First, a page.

Success in strange times: the UK Data Service Secure Lab during the pandemic

As part of a series as the Secure Lab approaches its tenth anniversary, James Scott offers some insight into running the Secure Lab during the Covid-19 pandemic.

Strange times

It goes without saying that the past year has been challenging for all of us, whatever our domestic setup or working environment, and whilst UK Data Service staff have been lucky to be able to continue working, there have certainly been some challenges along the way!

Rewind to mid-March 2020 when the advice given to workers across the country was “If you can work from home, you should”.

For some teams at the UK Data Service this was easier advice to follow than it was for others; in the case of the Support team, we wondered whether we would have to close Secure Lab for the foreseeable future.  Operating a service like Secure Lab, which holds highly detailed controlled data, surely wasn’t going to be possible from home for a multitude of practical and legal reasons?

All those researchers whose research would be interrupted indefinitely didn’t bear thinking about…it didn’t look good.

However, data owners sanctioned a temporary relaxation of requirements for accessing Secure Lab, allowing some secure data to be accessed from home. Of course, this was permissible only under very specific conditions, and with individual consent needing to be obtained. 

It is due to these agreements we have managed to keep the service open, which has been incredibly good news for the research community.  Please see the UK Data Service website Covid-19 page for more details.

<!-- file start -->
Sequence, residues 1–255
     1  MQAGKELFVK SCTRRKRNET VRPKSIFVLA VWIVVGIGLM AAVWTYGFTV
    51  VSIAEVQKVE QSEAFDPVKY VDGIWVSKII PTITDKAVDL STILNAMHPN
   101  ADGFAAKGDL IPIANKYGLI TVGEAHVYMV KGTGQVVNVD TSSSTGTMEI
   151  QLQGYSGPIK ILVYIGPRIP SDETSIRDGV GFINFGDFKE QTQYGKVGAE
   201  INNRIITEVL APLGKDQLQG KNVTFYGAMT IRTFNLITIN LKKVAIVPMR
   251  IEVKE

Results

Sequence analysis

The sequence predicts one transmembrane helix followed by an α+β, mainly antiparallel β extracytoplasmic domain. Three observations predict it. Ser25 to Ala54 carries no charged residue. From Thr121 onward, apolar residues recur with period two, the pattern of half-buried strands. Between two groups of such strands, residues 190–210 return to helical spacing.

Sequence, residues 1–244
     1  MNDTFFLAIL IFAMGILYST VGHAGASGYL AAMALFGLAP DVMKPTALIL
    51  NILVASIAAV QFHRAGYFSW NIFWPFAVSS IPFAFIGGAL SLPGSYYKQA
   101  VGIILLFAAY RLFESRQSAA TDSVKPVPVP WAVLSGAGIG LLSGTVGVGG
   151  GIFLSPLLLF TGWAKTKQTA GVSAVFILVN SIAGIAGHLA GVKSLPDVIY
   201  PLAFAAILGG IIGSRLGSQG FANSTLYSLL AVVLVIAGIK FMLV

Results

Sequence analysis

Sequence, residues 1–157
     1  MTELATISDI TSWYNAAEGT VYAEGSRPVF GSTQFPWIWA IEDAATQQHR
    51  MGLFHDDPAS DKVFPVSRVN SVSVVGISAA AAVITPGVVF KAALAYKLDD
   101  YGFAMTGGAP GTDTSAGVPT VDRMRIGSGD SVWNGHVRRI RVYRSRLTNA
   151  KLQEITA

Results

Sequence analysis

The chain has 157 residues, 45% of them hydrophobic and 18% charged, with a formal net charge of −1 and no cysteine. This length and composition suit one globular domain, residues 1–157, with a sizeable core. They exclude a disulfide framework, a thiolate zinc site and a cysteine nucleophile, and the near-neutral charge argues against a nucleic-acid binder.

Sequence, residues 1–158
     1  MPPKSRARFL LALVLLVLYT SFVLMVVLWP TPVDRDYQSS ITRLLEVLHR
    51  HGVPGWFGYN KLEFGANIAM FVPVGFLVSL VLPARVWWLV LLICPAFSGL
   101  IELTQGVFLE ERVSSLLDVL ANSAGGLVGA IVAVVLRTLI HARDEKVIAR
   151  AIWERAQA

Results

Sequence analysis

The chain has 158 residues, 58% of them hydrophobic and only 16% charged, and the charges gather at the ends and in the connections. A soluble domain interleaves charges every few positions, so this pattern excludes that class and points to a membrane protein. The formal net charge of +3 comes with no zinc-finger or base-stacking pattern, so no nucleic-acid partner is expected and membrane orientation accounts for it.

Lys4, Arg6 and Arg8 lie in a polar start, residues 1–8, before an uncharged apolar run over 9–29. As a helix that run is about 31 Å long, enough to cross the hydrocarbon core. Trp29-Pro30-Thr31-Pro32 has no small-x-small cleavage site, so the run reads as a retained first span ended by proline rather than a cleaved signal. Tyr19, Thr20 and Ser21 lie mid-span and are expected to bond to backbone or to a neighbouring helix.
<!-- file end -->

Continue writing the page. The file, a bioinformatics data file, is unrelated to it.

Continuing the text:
But what about new researchers?  How were we going to train them when the cross-service Safe Researcher Training course has been specifically designed for face to face delivery?

Adapting a 10:00am – 4:00pm face-to-face course to an online format without compromising important messaging was always going to be a challenge.  In particular, it was clear that keeping researchers engaged with a six hour course was going to be a challenge without the physical presence of experienced trainers to keep the energy levels up!

Our approach was to try and distil the content into a shorter timeframe – the course now runs from 10:00am to 1:30PM – by cutting, combining, and reconfiguring the material wherever possible, with the hope of reducing the likelihood of “Zoom fatigue”. This is important stuff, and the messages and principles imparted are crucial to using the Secure Lab, or any secure service, safely.

We were the first service in the UK to develop and test an online version of the course, delivering the first session on 2nd April, with others following our lead in subsequent weeks.

After the initial session, we switched our delivery platform to Zoom, as it is far more widely used; it is important that attendees are familiar with the platform used so that they can concentrate on the course content.